Allstate to cease non-English insurance sales in Colorado

Allstate to cease non-English insurance sales in Colorado


Allstate to cease non-English insurance sales in Colorado | Insurance Business America















Insurer issues memo to agents in response to new language translation requirements

Allstate to cease non-English insurance sales in Colorado


Insurance News

By
Mika Pangilinan

Allstate has asked its agents in Colorado to conduct business exclusively in English after legislators passed a bill imposing language translation requirements for insurance companies.

Colorado’s House Bill 23-1004 is slated to take effect in the new year and requires insurance companies to furnish policy documents in the language they use for advertising.

“You are only authorized to advertise, prospect, quote or sell property and casualty policies on behalf of Allstate in English,” the insurance giant said in the memo dated December 8. “This activity in any other language on behalf of Allstate is no longer authorized.”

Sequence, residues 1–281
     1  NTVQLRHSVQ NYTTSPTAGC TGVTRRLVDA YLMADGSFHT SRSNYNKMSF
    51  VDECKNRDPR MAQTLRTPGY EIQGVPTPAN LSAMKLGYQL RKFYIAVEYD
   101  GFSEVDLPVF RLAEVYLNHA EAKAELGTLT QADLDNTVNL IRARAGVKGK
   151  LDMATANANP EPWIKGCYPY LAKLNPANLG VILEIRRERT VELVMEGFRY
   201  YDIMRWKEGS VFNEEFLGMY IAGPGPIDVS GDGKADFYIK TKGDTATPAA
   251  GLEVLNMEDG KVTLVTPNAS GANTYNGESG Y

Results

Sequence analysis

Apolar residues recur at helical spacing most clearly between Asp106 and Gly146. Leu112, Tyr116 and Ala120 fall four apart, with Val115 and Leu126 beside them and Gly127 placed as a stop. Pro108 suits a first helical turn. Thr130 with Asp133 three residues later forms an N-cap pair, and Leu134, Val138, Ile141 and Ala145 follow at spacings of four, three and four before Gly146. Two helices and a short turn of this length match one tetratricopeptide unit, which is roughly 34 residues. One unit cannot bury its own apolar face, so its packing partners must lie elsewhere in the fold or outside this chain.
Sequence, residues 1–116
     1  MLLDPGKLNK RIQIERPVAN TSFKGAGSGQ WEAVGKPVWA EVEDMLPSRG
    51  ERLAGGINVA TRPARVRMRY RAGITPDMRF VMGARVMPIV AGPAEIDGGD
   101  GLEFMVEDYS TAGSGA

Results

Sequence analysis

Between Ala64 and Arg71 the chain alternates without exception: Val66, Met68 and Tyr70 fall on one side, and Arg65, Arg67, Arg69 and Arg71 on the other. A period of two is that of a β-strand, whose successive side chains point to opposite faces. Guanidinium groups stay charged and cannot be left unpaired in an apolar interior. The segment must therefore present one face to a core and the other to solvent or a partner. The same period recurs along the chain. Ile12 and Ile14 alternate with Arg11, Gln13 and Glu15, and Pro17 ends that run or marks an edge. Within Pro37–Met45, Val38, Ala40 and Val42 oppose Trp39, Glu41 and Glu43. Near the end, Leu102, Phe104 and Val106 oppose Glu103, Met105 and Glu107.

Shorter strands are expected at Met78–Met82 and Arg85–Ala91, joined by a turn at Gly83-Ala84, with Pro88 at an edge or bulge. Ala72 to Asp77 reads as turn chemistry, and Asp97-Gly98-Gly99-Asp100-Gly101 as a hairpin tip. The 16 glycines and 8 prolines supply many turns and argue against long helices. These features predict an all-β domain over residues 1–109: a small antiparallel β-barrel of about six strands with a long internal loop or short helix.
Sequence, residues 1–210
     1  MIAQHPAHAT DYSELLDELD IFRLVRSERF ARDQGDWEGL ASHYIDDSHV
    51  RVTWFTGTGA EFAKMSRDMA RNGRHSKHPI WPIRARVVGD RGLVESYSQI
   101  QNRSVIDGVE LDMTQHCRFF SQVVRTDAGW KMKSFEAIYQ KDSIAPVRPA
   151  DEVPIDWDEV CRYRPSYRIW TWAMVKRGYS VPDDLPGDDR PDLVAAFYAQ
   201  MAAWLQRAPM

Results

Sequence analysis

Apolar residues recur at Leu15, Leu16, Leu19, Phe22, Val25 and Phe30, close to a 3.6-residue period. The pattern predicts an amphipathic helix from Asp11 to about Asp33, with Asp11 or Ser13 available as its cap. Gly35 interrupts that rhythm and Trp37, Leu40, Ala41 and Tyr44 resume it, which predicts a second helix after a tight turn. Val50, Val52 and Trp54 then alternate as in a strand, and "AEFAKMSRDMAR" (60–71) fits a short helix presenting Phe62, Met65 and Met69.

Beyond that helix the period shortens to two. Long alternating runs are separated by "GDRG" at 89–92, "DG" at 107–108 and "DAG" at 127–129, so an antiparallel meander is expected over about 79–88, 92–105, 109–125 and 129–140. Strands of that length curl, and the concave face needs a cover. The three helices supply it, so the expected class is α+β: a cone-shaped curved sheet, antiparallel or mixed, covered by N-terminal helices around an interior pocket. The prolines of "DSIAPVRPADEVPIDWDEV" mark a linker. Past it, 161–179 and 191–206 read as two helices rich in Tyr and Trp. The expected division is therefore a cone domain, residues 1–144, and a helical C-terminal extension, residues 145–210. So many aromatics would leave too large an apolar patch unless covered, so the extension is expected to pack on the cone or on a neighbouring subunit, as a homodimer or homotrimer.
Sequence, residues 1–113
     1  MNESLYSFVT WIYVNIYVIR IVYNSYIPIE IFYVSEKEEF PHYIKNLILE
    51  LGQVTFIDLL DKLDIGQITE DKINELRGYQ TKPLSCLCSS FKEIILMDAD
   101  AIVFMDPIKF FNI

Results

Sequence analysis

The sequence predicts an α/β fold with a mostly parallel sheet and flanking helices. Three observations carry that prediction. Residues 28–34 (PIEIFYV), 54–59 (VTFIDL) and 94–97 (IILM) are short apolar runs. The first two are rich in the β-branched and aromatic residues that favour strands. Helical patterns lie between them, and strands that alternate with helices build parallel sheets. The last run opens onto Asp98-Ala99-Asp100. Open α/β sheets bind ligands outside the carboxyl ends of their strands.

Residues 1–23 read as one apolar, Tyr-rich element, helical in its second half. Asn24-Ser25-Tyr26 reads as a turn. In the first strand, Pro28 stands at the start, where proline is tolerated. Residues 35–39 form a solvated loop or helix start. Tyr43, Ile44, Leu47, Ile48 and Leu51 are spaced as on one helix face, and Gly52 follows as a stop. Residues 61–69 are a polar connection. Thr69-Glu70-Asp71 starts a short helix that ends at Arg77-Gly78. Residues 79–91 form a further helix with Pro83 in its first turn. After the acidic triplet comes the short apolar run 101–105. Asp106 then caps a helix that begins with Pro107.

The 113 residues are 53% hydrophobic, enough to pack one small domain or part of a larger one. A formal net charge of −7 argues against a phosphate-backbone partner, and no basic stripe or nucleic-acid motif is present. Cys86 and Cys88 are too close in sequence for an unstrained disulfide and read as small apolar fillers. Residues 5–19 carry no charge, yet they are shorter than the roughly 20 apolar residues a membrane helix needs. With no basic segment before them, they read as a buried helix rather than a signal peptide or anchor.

As part of this move, Allstate said it will discontinue the Spanish versions of its agency websites, as well as automated Spanish options for phone calls.

But Representative Elizabeth Velasco, one of the bill’s authors, said such a decision runs contrary to what they originally intended with the legislation.

According to census data from 2022, some 16% of Colorado residents speak a language other than English at home. Meanwhile, Allstate accounts for about 4% of the state’s property and casualty insurance market share, as indicated by figures from the Colorado Division of Insurance (DOI).

Carole Walker, executive director of the Rocky Mountain Insurance Information Association (RMIIA), said it would be extremely difficult for insurers to translate all necessary documents by the time the bill takes effect on January 1, 2024.

“It’s a case of hurting the people that the legislation tried to help by setting an impossible legal bar,” she told Colorado Newsline, emphasizing how insurance companies would need a more realistic timeline to implement a major change.

According to Walker, translating policy documents into Spanish alone could take up to two to four years. And because insurance contracts are often complex no matter what language they’re written in, most consumers turn to agents to understand the particularities of their coverage anyway.

“There is no proven harm that we know right now,” she said further. “People who speak other languages are getting served.”

In October, the DOI issued emergency regulation to clarify that customer service representatives speaking languages other than English or displaying signage in another language do not constitute advertisements under the bill.

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